Berlusconi says he will speed up austerity plan

 

ITALY:ITALY HAS buckled to world pressure in a bid to halt a market rout endangering the global economy, pledging to speed up austerity measures and social reforms in return for European Central Bank help with funding.

After a frantic round of telephone diplomacy, Italian prime minister Silvio Berlusconi said his government would accelerate cuts to aim for a balanced budget in 2013, a year ahead of schedule, and press ahead with welfare and labour market reforms.

“We consider it appropriate to introduce an acceleration of the measures which we introduced recently in the fiscal planning law to give us the possibility of reaching our objective of balancing the budget early, by 2013 instead of 2014,” Mr Berlusconi said after a day of calls with world leaders including German chancellor Angela Merkel and US treasury secretary Tim Geithner.

Sources close to the matter said the European Central Bank had demanded such measures in exchange for buying bonds to ease the pressure on Italy, which has come under market attack.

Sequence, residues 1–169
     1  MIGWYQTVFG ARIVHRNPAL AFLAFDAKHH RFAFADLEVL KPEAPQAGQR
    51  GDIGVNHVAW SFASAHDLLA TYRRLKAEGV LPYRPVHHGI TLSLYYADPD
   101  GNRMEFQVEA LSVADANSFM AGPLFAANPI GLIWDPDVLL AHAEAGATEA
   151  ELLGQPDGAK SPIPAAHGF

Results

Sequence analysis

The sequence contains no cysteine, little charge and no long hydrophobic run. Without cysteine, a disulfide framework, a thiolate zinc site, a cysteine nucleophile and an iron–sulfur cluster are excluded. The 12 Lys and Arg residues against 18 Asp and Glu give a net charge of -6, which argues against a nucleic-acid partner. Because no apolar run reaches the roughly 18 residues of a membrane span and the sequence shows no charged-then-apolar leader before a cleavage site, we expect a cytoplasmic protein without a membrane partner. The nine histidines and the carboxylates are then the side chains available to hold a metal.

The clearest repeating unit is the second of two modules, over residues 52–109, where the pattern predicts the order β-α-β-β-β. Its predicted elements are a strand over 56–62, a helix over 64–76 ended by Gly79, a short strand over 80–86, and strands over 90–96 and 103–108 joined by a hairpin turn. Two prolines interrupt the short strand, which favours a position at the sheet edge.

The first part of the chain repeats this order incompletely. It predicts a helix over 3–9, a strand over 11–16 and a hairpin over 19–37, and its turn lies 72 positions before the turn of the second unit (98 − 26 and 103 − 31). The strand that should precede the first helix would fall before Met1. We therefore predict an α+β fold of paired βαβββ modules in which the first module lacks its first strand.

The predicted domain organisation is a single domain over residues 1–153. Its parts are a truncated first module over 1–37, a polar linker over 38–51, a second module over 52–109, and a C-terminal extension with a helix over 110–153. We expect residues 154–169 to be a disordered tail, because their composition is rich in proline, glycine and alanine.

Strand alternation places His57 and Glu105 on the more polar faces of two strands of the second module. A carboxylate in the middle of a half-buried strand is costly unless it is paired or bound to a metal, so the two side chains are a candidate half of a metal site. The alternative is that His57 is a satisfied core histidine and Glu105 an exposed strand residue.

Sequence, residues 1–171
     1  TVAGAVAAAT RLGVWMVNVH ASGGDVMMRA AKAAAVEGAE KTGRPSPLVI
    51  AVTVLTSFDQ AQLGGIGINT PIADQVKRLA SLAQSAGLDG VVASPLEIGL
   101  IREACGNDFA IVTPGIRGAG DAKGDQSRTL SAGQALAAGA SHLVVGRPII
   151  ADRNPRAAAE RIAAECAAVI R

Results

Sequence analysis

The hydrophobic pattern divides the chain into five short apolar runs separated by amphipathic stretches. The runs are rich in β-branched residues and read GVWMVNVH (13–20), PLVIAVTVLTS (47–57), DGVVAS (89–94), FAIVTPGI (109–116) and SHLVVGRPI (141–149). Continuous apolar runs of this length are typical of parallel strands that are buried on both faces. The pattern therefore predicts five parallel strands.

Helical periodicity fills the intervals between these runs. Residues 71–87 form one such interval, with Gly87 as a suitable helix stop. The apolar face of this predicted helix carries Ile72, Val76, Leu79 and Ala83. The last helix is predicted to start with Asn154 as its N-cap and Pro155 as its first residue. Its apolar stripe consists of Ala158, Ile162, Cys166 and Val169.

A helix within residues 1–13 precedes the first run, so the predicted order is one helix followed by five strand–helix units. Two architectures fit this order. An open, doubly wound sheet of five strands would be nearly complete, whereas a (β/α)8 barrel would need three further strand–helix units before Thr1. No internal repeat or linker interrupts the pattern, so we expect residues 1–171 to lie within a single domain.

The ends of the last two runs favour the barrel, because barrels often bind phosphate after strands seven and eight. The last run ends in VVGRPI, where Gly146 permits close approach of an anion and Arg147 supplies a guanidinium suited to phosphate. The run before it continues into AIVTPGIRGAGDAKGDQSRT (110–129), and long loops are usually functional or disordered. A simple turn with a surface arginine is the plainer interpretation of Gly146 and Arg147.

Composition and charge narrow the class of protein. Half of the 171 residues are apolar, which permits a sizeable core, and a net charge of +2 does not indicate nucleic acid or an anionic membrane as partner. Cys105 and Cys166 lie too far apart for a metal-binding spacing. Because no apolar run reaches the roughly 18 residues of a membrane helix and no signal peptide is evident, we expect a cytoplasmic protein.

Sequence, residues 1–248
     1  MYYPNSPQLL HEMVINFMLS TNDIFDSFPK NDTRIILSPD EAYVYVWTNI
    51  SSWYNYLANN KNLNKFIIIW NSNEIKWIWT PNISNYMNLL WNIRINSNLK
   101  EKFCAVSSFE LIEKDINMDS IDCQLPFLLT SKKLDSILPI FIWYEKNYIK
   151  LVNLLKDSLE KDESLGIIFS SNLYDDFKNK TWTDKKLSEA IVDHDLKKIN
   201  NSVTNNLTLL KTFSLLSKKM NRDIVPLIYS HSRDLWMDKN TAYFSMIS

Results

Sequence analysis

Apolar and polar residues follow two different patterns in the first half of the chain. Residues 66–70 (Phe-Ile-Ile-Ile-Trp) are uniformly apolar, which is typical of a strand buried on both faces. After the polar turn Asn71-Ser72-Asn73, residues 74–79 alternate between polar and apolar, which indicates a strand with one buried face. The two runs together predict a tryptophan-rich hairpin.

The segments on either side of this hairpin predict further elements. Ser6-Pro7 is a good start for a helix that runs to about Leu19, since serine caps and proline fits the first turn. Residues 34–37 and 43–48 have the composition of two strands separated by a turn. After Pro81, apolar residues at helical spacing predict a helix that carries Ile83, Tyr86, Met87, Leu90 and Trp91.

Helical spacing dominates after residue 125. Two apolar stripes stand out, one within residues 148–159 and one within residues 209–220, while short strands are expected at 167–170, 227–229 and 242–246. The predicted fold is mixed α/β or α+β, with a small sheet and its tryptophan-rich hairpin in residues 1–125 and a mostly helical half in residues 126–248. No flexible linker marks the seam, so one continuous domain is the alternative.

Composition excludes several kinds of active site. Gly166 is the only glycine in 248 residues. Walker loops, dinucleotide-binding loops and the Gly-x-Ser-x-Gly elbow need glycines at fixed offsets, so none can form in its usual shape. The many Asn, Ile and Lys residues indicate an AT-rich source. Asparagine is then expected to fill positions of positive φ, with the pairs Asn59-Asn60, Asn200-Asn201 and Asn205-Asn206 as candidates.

Investors have been unimpressed by a €48 billion austerity package passed by Mr Berlusconi’s government, partly because most of the measures were delayed until after elections scheduled for 2013, for clear political reasons.

The talks in Rome, joined by Gianni Letta, cabinet undersecretary, represented the first departure from Mr Berlusconi’s failed efforts to ride the storm by largely blaming external forces and market “speculators” for the rise in borrowing costs. The country’s debt is equal to almost 120 per cent of gross domestic product.

The Italian government would continue to work on the measures throughout August and parliament could be called back early from its summer recess to pass legislation, the official said.

Measures set to be announced include a plan to amend the constitution to make a balanced budget mandatory, a second constitutional change that would force “closed professions” to liberalise services, and a speeding-up of welfare and other structural reforms designed to boost Italy’s stagnant economy.

Cuts in the “cost of politics” – including salaries of elected officials and subsidies to political parties – were also on the agenda, which had been agreed in outline with leaders of employers’ associations and trade unions on Thursday.

“This is a strong and credible plan,” the official insisted. He said Mr Berlusconi and Mr Tremonti were trying to put their deep personal differences behind them and work together. – (Additional reporting by Financial Times)